Aalto Bio Reagents, Barcelona, Spain, has launched the first commercially available protein for the detection and diagnosis of Venezuela equine encephalitis NSP2 TC83, a mosquito-borne viral pathogen that causes Venezuela equine encephalitis or encephalomyelitis (VEE). VEE can affect humans and animals alike, causing flu-like symptoms and headaches in healthy humans and causing serious illness and death in young, elderly, and immunocompromised patients.
“This exciting VEEV NSP2 TC83 launch today marks the first in a series of dynamic new products coming from Aalto Bio in the emerging disease space,” says Philip Noone, CEO of Aalto Bio Reagents. “This new VEEV NSP2 TC83 protein enables our customers to bring superior, differentiating diagnostic end-products to market faster, which will enable faster diagnosis, identification, and treatment of these deadly viruses.”
The virus that causes VEE is spread mainly by mosquitos that bite and infect humans or animals. The virus can spread very quickly, depending on the subtype of VEE being transmitted and the density of the mosquito populations near an outbreak region. In the Americas, there have been 21 reported outbreaks of VEE to date. During the Cold War, both US and Soviet biological weapons programs researched and developed the VEE virus.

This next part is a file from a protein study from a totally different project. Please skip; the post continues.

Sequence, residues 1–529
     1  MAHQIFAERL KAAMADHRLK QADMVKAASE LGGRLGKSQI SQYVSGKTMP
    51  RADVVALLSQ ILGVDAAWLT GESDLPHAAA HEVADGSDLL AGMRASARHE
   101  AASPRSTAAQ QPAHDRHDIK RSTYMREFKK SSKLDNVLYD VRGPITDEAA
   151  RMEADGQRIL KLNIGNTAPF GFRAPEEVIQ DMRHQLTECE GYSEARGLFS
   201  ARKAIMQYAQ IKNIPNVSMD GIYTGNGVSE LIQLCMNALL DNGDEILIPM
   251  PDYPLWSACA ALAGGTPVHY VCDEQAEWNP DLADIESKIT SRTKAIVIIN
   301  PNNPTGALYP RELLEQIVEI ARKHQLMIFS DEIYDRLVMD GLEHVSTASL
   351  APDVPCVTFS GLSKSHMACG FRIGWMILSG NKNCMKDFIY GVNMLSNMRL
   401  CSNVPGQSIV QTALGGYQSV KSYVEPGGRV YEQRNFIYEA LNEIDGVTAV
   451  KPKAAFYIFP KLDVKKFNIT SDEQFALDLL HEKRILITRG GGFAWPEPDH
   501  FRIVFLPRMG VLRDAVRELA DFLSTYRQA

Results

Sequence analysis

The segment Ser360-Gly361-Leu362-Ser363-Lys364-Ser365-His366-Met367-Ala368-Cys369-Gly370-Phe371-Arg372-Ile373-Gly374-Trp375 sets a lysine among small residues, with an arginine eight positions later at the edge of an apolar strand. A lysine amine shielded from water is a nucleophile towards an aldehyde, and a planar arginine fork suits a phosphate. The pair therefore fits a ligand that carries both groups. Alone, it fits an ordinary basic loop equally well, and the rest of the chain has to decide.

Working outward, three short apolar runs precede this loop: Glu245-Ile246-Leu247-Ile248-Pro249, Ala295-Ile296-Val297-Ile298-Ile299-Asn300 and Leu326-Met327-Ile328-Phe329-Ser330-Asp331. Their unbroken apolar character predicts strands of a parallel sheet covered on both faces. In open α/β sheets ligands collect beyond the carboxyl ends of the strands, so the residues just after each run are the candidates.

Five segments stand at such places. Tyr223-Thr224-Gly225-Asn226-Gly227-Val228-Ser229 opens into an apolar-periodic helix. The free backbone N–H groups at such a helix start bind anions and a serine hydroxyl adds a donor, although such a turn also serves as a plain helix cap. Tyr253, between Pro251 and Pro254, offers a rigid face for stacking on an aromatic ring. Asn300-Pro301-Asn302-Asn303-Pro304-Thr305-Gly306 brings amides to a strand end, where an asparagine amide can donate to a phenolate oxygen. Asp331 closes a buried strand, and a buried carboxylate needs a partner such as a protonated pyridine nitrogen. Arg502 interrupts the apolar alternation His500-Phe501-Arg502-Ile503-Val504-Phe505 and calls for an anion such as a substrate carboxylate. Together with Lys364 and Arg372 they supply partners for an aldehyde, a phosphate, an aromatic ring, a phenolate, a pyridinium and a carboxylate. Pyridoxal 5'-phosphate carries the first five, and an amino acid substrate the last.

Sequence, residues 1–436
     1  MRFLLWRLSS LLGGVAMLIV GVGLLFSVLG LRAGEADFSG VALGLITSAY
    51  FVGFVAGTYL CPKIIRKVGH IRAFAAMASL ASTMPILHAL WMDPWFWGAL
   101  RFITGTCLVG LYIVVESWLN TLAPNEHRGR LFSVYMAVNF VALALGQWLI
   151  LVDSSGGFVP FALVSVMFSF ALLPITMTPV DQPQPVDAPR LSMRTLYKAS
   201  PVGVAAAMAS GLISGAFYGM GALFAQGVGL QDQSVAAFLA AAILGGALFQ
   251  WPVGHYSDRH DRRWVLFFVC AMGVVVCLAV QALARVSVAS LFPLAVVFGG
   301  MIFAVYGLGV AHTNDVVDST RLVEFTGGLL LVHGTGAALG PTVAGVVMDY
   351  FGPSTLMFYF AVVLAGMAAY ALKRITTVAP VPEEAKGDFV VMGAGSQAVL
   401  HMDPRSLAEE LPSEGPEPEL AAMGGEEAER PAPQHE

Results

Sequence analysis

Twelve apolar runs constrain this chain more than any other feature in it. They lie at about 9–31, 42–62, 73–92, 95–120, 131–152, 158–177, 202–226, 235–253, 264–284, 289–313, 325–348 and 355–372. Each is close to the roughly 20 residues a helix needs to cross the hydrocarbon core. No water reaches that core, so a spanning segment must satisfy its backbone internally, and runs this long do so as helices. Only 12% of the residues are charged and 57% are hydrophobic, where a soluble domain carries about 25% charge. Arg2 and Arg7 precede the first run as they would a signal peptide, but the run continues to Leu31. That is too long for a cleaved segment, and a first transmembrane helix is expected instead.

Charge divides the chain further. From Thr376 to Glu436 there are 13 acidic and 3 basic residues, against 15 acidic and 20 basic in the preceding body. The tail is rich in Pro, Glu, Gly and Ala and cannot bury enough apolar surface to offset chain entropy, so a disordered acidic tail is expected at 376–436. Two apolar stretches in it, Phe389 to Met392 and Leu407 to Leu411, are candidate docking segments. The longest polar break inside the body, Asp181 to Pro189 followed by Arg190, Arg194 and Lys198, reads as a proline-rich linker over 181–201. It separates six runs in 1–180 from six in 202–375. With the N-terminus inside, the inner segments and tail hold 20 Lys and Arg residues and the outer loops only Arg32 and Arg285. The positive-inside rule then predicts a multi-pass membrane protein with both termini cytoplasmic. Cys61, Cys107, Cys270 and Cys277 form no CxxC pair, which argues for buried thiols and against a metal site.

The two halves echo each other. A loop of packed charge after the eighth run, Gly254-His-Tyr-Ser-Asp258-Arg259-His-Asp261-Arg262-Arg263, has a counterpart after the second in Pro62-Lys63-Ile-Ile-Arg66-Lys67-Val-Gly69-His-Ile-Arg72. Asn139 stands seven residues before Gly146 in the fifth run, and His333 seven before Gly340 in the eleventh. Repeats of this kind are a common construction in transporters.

VEE normally occurs after periods of long precipitation, which cause mosquito populations to soar. One of the largest outbreaks of the virus occurred in Columbia in 1995, resulting in 14,156 human cases and more than 26 reported deaths. One of the key reasons for the outbreak was the high level of rainfall that season in Columbia. Another key reason for the outbreak was deforestation, which caused a change in the dominant mosquito species from Aedes taeniorhynchusmosquitos, which prefer to feed on equine populations, to Culex taenopiusmosquitos, which prefer to feed on rodents.
An inactivated vaccine that contains the C-84 strain of VEEV is available for animals, and it is primarily used on horses. Another rudimentary vaccine that contains the TC-83 strain of VEEV is available for humans, but it has so far been used only on military and lab personnel. Clinicians have found that the rudimentary vaccine causes side effects and does not fully immunize the patient.
The team at Aalto Bio Reagents believes the company’s new protein will help further the development of a more mainstream vaccine that will give greater or full immunization to vaccine candidates and permit faster in-field diagnosis of the virus.
“Aalto Bio is a leading global developer and provider of high-quality and esoteric biological raw materials to the in vitro diagnostic and biotech industry,” says Jennie Lynch, senior vice president for North America with Enterprise Ireland. “We are glad to support them in bringing groundbreaking technology to the frontier of biotechnology and pharmaceuticals.”
For further information, visit Aalto Bio Reagents.
Featured image: Venezuela equine encephalitis NSP2 TC83.